CAMP HILL, Pa. – Rite Aid’s fiscal first-quarter profit dropped 55 per cent as it dealt with higher-than-expected drug costs and reimbursement rate reductions.
Its earnings matched analysts’ expectations, while revenue was slightly above of Wall Street’s view.
For the period ended May 31, the nation’s third-largest drugstore chain reported net income attributable to common stockholders of $41.4 million, or 4 cents per share. A year earlier it earned $91 million, or 9 cents per share.
Analysts surveyed by FactSet expected earnings of 4 cents per share.
Revenue for the Camp Hill, Pennsylvania, company climbed 3 per cent to $6.47 billion from $6.29 billion mostly due to better sales at pharmacies open at least a year.
This beat Wall Street’s estimate of $6.44 billion.
Sales at stores open at least a year rose 3.1 per cent, while sales at pharmacies open at least a year increased 4.6 per cent.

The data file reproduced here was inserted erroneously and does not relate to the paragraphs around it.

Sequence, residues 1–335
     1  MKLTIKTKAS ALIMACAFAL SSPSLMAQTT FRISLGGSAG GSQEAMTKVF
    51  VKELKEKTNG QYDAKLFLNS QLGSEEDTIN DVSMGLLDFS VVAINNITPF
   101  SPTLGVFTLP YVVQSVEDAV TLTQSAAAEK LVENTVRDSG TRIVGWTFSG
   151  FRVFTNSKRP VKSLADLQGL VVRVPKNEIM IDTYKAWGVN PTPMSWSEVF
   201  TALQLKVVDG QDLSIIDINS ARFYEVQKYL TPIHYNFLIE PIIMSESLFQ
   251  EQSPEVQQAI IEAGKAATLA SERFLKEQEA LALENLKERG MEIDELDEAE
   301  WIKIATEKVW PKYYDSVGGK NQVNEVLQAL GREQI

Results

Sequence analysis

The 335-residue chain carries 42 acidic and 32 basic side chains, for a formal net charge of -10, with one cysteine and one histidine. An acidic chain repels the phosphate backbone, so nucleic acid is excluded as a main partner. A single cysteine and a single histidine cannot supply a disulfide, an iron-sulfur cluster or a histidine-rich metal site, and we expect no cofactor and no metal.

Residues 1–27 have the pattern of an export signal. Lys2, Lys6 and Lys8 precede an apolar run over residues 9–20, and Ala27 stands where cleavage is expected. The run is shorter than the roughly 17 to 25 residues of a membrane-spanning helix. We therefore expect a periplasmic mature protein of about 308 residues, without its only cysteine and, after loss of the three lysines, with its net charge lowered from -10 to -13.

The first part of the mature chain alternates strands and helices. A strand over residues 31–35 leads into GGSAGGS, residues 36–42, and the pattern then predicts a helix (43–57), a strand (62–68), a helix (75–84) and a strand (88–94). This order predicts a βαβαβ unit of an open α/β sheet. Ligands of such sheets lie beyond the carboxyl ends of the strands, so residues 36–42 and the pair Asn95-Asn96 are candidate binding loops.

This figure is a key gauge of a retailer’s health because it excludes results from locations recently opened or closed.
Rite Aid Corp. said that the number of prescriptions filled in stores open at least a year climbed 2.3 per cent from a year ago. Prescription sales made up 68.4 per cent of total drugstore sales, and third party prescription revenue was 97.4 per cent of pharmacy sales.
The company maintained its fiscal 2015 forecast for earnings between 30 cents and 40 cents per share. Revenue is still anticipated in a range of $26 billion to $26.5 billion.
Wall Street is looking for full-year earnings of 35 cents per share on revenue of $26.19 billion.
Its shares fell 29 cents, or 3.9 per cent, to $7.15 in morning trading. Its shares had been up 47 per cent so far this year. Investors had been returning to the stock — which they had pushed below $1 by late 2012 — as Rite Aid has cleaned up its balance sheet and closed underperforming stores.
Rite Aid has 4,581 stores in 31 states and the District of Columbia.